It Took 110 Years for GE to Change Its Auditing Firm
In April of 2018, General Electric Co. (NYSE: GE) announced that the company would restate results for 2016 and 2017 to reflect a new accounting standard. Prior to that, GE had announced a first-quarter charge of $4.2 billion related to the change.
Two of the country’s leading proxy-advisory firms, Institutional Shareholder Services (ISS) and Glass, Lewis & Co., had recommended that shareholders vote against retaining KPMG as GE’s independent auditing firm. Beginning next year, that recommendation will be adopted by the company.
More than two years after ISS and Glass Lewis recommended a change, GE on Monday announced that the audit committee of the company’s board selected Deloitte as the industrial giant’s independent auditor. The bidding process for the role had begun in December 2018. KPMG will remain as GE’s auditor through the end of December and will file the company’s annual report on SEC Form 10-K.
KPMG or one of its predecessor companies has been GE’s auditing firm since 1909, one of the longest-running relationships in the country.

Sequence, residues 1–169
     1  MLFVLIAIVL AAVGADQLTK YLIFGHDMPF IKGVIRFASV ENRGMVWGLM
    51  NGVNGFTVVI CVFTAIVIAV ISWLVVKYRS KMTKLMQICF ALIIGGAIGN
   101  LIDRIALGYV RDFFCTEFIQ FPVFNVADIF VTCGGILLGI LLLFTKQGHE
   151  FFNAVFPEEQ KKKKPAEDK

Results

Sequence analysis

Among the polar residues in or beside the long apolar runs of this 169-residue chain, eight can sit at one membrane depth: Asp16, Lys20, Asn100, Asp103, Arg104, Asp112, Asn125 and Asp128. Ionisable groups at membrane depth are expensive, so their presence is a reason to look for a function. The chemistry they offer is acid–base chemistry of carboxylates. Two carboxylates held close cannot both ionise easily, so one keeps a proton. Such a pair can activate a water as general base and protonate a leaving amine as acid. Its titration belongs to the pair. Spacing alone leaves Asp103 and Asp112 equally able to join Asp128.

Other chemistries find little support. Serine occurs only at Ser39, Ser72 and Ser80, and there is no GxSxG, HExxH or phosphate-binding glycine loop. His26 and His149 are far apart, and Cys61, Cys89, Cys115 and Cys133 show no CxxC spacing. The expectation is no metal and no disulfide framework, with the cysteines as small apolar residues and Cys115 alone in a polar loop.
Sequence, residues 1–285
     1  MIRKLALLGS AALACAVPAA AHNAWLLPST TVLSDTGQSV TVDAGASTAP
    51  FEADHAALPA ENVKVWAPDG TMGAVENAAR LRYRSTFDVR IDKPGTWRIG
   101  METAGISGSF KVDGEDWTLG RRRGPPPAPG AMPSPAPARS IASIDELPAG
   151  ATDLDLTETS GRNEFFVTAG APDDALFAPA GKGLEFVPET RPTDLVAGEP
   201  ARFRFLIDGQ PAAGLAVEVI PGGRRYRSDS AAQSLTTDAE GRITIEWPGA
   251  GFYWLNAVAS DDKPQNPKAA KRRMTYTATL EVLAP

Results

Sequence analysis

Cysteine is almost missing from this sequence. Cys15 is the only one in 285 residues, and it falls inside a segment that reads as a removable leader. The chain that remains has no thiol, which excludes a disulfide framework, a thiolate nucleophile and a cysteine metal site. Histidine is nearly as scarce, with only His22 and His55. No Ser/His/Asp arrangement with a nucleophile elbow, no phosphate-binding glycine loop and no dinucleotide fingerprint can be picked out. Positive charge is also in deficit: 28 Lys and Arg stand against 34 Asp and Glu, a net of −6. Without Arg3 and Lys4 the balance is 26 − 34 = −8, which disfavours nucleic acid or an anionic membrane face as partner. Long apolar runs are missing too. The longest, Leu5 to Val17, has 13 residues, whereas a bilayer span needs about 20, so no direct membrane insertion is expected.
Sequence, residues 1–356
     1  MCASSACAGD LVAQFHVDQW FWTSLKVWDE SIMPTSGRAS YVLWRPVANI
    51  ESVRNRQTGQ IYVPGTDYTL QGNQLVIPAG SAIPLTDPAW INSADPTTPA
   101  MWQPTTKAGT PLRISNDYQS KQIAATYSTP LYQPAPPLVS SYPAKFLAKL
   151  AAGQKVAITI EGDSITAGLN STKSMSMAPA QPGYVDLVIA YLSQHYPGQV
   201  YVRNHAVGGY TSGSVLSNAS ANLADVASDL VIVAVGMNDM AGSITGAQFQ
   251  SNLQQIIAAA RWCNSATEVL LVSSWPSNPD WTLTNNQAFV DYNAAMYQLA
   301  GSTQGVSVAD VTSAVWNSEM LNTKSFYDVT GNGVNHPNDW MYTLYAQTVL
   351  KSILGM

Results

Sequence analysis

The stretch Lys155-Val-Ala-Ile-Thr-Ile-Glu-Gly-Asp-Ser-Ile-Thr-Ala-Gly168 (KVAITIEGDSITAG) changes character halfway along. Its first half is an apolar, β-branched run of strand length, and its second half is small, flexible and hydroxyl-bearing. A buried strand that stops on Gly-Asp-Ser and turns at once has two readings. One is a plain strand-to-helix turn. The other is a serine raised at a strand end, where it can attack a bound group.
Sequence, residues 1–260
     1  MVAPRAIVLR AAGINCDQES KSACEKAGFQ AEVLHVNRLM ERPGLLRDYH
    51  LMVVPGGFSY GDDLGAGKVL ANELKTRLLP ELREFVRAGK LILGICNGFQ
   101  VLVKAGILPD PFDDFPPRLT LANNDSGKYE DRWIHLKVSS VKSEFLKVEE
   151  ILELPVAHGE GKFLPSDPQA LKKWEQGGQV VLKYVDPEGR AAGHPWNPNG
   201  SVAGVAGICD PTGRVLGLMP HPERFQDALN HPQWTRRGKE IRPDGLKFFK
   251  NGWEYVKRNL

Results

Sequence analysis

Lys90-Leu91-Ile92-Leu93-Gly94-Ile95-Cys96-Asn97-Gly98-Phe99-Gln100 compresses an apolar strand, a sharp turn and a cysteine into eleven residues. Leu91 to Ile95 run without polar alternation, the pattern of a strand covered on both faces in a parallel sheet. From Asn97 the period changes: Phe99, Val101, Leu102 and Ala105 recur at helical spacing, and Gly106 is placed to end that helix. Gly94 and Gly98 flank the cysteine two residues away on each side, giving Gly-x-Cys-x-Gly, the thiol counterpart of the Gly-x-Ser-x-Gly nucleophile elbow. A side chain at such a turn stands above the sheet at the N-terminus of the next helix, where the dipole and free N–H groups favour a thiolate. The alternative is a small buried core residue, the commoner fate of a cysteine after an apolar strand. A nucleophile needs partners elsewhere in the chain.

The beginning of the end of the 110-year relationship came in January of 2018 when GE announced that it would take a $7.5 billion after-tax charge related to GE Capital’s run-off insurance portfolio. GE Capital also had to make statutory reserve contributions of about $15 billion over the next seven years.
The timing was frightful for GE. Then-CEO John Flannery commented: “At a time when we are moving forward as a company, a charge of this magnitude from a legacy insurance portfolio in run-off for more than a decade is deeply disappointing.”
The charge and the massive reserve contributions likely caused Glass Lewis to comment that it normally supports a company’s choice of auditors “except when we believe the auditor’s independence or audit integrity has been compromised.”
While long-running client-auditor relationships are not unusual, change is slow in coming. In 2018, ISS noted that there are solid reasons for keeping the same audit firm but that there is “the risk that a long-tenured auditor can become too close to a client.” A new auditor has the “potential … to uncover problems previously unidentified.” GE is about to find out.
GE stock traded down about 1.3% at $7.05 early Monday morning, in a 52-week range of $5.48 to $13.26. The consensus 12-month price target on the stock is $8.15. It traded at around $13 a share in April of 2018.